Thanksgiving has always been my favorite holiday. No gifts, no guilt, no hysterical commercialism. Just lots of good food, special time with family and friends, and time out to count my blessings. I am especially thankful for my loving family and the wonderful kids, teens, parents, and families I am privileged to know in my counseling practice. It’s a blessing to share life with you.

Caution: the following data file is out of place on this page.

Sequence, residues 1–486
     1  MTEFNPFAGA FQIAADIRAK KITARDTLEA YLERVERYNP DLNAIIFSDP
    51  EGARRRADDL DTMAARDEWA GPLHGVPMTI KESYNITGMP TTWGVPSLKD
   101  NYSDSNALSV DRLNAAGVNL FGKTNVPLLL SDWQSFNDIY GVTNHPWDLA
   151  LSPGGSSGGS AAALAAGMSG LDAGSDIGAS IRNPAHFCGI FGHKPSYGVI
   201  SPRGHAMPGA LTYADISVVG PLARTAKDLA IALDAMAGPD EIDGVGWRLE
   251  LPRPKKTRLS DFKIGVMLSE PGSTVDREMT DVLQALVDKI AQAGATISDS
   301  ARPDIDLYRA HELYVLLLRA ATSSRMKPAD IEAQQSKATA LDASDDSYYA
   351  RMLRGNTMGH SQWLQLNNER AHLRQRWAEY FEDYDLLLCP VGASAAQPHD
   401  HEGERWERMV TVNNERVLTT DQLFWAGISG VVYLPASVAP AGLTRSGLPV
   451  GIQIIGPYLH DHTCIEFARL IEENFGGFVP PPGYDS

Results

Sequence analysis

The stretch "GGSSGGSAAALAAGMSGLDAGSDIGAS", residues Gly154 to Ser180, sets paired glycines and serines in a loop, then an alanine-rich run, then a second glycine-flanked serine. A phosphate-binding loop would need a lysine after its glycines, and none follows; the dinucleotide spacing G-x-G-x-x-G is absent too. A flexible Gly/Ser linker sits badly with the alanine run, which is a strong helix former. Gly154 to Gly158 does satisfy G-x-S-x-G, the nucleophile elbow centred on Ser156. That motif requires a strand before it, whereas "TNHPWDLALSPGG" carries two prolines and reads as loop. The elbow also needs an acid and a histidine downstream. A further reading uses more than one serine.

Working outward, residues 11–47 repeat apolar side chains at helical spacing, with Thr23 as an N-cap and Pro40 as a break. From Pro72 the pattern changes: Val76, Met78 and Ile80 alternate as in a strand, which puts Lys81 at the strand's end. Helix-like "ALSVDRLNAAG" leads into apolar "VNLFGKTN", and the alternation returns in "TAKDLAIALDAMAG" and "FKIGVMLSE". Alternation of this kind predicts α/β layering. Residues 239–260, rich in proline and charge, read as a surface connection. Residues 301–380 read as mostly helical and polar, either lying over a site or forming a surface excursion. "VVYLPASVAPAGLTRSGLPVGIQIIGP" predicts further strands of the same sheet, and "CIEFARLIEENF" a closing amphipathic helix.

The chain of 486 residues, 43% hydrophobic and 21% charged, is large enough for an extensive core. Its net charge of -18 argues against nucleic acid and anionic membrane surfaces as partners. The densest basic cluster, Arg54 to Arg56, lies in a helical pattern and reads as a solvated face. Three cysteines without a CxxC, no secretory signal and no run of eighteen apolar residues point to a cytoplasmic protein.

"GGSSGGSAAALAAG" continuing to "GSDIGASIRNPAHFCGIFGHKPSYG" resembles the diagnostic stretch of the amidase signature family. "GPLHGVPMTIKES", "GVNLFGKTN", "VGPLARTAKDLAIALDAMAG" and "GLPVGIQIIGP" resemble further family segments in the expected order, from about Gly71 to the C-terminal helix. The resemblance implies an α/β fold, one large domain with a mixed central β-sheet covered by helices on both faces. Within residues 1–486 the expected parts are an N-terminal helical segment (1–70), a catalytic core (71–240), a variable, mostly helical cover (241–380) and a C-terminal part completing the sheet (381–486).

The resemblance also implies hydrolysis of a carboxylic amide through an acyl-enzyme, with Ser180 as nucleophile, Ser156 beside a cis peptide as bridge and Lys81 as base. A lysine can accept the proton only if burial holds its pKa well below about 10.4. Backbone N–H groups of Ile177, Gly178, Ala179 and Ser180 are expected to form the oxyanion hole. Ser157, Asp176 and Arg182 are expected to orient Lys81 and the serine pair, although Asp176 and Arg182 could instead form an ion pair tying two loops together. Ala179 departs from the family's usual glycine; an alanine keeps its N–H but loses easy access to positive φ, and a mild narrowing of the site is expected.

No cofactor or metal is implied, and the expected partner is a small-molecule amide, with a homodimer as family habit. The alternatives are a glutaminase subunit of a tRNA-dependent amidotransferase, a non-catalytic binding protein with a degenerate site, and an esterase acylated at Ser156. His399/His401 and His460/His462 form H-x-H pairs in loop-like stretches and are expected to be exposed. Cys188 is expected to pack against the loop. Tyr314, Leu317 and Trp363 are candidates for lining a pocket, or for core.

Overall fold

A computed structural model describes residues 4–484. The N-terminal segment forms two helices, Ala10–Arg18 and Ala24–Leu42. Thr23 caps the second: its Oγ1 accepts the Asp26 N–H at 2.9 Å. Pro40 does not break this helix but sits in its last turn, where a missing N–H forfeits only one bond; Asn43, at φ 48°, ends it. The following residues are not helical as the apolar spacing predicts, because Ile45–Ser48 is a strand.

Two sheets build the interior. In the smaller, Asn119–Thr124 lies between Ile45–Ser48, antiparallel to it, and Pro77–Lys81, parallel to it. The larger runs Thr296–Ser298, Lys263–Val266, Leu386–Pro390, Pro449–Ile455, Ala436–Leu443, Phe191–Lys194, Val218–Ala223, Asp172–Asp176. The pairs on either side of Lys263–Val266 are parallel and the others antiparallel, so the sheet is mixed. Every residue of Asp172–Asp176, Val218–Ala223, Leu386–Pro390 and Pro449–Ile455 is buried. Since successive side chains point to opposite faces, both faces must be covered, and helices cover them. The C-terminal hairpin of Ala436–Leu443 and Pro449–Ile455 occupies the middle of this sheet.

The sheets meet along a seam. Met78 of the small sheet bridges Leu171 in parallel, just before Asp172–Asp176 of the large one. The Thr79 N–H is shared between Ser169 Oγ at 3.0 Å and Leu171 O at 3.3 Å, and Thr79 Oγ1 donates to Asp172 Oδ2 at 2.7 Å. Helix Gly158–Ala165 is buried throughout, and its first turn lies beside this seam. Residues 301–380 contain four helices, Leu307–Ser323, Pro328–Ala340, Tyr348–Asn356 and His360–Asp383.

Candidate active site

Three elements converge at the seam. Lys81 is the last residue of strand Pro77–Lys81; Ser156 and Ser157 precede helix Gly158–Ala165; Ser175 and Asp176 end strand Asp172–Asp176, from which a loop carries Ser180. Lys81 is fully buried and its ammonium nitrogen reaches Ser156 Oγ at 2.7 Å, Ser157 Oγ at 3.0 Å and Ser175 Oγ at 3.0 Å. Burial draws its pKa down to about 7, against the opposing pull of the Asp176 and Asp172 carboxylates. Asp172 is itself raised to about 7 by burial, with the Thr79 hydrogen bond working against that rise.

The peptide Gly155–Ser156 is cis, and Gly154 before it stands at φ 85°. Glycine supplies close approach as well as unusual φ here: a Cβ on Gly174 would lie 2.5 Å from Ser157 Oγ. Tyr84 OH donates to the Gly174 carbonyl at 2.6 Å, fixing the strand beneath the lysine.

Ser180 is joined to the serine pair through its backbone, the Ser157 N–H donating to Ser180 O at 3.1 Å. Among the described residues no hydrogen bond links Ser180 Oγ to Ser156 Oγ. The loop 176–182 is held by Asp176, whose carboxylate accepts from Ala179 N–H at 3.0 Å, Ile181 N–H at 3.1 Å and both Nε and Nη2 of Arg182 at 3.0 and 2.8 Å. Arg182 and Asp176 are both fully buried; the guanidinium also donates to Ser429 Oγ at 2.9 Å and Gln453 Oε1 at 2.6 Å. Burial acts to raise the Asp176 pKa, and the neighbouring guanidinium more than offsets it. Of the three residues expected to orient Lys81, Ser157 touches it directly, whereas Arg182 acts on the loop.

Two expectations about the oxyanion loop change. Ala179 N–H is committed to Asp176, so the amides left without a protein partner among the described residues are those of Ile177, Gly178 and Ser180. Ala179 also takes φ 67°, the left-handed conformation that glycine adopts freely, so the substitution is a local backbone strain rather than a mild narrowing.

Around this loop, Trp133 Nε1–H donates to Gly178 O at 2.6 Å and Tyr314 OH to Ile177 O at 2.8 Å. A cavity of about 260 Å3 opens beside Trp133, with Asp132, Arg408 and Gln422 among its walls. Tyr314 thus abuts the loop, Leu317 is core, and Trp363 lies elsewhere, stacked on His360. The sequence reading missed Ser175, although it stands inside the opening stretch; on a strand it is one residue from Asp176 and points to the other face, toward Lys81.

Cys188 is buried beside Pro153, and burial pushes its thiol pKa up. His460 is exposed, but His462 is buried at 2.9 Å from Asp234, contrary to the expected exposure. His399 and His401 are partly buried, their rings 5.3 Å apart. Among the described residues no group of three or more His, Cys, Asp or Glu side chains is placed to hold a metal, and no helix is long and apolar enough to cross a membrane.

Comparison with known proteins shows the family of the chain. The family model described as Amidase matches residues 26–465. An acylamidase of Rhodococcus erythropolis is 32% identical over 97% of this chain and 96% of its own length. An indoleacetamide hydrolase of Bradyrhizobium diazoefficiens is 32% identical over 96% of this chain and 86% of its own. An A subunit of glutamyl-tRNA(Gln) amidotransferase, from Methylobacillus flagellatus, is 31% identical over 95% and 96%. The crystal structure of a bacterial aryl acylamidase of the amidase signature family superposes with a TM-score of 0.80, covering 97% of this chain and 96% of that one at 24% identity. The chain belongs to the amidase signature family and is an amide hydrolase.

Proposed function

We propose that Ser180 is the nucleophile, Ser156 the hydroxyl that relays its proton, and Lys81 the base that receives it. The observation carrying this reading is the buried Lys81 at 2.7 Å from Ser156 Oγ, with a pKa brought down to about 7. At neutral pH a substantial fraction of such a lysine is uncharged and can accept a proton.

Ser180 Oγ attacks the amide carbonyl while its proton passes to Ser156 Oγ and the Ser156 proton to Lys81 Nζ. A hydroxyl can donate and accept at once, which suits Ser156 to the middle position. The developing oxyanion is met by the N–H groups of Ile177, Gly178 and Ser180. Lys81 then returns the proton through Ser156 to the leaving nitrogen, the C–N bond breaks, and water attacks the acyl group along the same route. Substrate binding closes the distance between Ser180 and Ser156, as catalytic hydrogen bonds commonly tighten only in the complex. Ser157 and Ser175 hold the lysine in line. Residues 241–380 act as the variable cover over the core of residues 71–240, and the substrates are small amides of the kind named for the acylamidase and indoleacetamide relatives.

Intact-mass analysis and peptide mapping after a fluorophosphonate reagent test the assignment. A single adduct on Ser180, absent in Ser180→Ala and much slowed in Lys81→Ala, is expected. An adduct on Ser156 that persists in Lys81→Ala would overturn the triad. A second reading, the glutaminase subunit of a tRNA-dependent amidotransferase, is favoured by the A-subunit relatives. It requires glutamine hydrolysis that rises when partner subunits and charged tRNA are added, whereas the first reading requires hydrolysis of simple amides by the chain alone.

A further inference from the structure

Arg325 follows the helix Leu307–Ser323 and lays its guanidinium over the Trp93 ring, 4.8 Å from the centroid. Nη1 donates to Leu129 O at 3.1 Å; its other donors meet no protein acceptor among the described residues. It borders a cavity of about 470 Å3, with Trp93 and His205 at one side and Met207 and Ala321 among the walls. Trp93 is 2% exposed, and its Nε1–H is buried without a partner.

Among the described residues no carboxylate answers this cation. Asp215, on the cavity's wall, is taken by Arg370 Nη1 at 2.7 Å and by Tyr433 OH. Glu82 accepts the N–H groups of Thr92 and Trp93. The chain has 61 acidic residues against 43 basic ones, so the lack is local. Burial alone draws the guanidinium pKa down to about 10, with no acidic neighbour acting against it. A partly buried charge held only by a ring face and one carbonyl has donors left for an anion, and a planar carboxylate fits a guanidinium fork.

The current issue of Biological Psychology presents a fascinating study from researchers at the University of Chicago who used brain scanning technology to learn whether the brain of an aggressive youth responds differently to violence than does the brain of someone who is not a bully. In a disturbing finding, they discovered aggressive youths appear to enjoy inflicting pain on others. Scientists compared eight 16-18 year olds who were unusually aggressive to a control group of teenage boys with no unusual signs of aggression. When the bullies watched people intentionally inflicting pain on another, their scans showed a response in the part of the brain associated with reward and pleasure. The non-aggressive youths did not show the same response. This is an important finding as parents, psychologists, school administrators, and mental health professionals continue to wrestle with this epidemic. The battle over bullying in our schools and among children in our community deserves at least as much attention as the fight to stop drug and alcohol use. Unfortunately, most of the efforts I have witnessed are barely making a dent. Just as the secrecy of drugs and alcohol make it difficult to detect among our youth; bullying in our schools occurs almost exclusively behind the backs of parents, teachers and administrators. Kids have become unusually sophisticated in their means, methods, and strategies. Victims know that often the bullying will intensify if they alert school personnel. On January 22 I will speak and then participate in a forum with other professionals on ‘Bullying’ for the Coppell Gifted Association. I will provide additional details as the date approaches.